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Published: 4/16/2011

The first step to gardening isn’t planting — it’s planning

BY BARBARA NORTHRUP
SPECIAL TO THE BLADE

Have you been thinking of starting a vegetable garden? With grocery prices continuing to increase and food recalls becoming more frequent, now is a great time to start putting plans together for this growing season.

Consideration needs to be given to the site selection, which vegetables to grow and when to plant them, what type of garden to plant, and most important what type of soil you have.

The first step always should be a soil test to determine what, if any, amendments need to be made to your soil. In order for plants to thrive, the soil should have a pH balance between 6.2 and 6.8.

Completing a soil test is a simple process. In addition to the pH level, testing is done for nutrients, heavy metals, and many other elements essential for optimum growth. The results you receive should include information on what your soil lacks, providing you with fertilizer recommendations to obtain the correct balance. Call your local Ohio State University County Extension office (for Lucas County the number is 419-578-6783) for information on completing the test; results usually are received within 2 to 3 weeks.

In determining where to place your garden, you’ll want to consider the amount of sun the site receives. Watch different parts of your landscape to determine the amount of sunshine the location receives. Full sun is six hours, partial sun is three to six hours, and shade is anything less than three hours. Most fruits and vegetables prefer full sun.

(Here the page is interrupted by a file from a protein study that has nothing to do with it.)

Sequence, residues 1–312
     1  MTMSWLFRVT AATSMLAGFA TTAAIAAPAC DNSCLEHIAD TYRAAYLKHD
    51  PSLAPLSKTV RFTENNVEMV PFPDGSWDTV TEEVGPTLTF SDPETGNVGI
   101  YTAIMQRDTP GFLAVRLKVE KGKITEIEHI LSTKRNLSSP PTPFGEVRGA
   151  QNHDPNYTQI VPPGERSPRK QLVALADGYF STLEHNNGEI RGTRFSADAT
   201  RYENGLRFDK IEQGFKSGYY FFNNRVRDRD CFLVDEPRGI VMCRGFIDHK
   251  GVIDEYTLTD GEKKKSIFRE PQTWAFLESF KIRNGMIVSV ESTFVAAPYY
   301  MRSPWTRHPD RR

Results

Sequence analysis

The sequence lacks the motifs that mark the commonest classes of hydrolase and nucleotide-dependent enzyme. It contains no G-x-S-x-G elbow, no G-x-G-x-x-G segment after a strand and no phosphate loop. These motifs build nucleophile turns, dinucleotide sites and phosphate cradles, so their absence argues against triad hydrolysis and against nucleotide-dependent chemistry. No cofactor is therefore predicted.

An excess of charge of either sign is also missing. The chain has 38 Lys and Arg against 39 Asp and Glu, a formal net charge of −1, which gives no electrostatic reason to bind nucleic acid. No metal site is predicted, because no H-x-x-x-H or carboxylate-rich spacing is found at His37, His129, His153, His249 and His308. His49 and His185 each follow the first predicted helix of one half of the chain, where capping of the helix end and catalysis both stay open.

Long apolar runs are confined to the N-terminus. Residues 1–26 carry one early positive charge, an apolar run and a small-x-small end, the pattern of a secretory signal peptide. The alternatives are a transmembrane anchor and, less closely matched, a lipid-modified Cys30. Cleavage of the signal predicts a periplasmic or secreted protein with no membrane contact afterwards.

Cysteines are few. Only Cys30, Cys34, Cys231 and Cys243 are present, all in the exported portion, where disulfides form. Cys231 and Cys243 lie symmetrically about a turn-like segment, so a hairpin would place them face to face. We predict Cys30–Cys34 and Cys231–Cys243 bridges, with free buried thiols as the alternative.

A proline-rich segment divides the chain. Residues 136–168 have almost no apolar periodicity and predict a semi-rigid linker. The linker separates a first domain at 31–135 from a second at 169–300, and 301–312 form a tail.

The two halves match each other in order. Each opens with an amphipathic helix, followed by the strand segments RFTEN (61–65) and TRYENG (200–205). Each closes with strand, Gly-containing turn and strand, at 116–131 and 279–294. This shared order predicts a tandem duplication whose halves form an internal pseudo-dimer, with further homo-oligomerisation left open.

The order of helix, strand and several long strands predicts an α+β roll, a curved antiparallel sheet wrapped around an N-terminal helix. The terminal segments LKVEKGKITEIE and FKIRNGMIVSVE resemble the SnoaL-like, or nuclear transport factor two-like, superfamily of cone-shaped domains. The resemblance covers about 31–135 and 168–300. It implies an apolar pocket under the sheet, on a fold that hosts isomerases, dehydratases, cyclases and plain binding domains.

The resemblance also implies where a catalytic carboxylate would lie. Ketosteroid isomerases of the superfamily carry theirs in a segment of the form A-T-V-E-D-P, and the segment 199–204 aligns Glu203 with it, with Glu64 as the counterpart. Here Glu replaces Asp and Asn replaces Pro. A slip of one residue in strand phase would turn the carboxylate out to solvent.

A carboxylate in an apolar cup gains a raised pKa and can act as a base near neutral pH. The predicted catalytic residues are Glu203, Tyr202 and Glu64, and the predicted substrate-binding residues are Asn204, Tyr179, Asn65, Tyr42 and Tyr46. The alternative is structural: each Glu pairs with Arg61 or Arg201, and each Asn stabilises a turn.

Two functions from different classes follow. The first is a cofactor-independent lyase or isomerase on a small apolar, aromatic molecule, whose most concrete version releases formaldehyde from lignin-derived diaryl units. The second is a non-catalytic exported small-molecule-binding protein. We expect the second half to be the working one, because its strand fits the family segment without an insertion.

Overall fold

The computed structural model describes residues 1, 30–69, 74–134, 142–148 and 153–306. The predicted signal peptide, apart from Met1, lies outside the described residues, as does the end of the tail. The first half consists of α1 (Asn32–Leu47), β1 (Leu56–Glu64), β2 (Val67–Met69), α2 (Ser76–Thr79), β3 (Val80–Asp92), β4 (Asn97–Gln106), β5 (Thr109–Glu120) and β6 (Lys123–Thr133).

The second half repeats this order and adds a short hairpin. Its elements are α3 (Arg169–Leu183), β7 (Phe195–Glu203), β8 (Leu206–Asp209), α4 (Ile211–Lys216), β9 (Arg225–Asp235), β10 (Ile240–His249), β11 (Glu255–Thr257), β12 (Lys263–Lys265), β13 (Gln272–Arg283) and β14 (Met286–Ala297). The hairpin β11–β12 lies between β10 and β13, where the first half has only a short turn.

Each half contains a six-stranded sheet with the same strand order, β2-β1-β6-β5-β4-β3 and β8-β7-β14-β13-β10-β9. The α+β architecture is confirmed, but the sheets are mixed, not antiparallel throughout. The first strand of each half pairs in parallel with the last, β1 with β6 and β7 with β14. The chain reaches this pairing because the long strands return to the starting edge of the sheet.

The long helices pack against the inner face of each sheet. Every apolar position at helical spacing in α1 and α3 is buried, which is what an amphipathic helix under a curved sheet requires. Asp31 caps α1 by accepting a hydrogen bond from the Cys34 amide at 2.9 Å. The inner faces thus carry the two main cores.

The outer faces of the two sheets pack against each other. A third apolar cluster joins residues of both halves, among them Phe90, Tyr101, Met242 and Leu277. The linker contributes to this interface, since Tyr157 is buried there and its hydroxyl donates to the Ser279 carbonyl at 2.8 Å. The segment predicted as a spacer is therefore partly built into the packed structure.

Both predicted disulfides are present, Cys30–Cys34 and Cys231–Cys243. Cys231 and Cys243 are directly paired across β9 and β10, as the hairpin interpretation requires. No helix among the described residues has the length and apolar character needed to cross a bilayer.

You’ll also want to make sure it will not be a chore to get water to the garden. If you have to use additional hoses to water, or carry watering cans to the garden, it can be difficult to maintain.

Next, how big should your garden be? Size can be determined by deciding which vegetables you want to grow. If it’s a large variety, you should draw your plans out, allowing the plants to thrive without crowding each other out. There are many organizations that will accept excess produce, and now is the time to plan ahead for sharing with others.

If you only want to start with a few varieties, consider square-foot gardening, dividing the garden into 12-foot-by-12-foot segments, and planting compatible varieties in each segment. If your space is limited, some plants will thrive in containers that can add ornamental elements to your deck or balcony.  I love picking fresh lettuce from the window boxes on my deck.

In determining the type of produce you would like to grow, choose varieties your family enjoys, but don’t shy away from trying something new.

Cool season (March through mid April) crops include broccoli, cabbage, collards, lettuce, onions, peas, potatoes, spinach, and turnips. Peas prefer cool weather and perform poorly as temperatures rise. Plant them one inch deep, and 2 to 3 inches apart in rows 2  feet apart. If the types you choose are a climbing variety, make sure there’s a support structure. Peas should be ready to harvest in June.

Barbara Northrup is an information associate with the OSU Extension Master Gardener program. If you have questions, call the OSU Extension Master Gardener Volunteer Horticultural Hotline at 419-578-6783. Volunteers are on hand Monday, Wednesday, or Friday from 10 a.m. to 1 p.m.  Questions also may be emailed to: mghotline@osu.edu and answered in a future Plant to Plate column.



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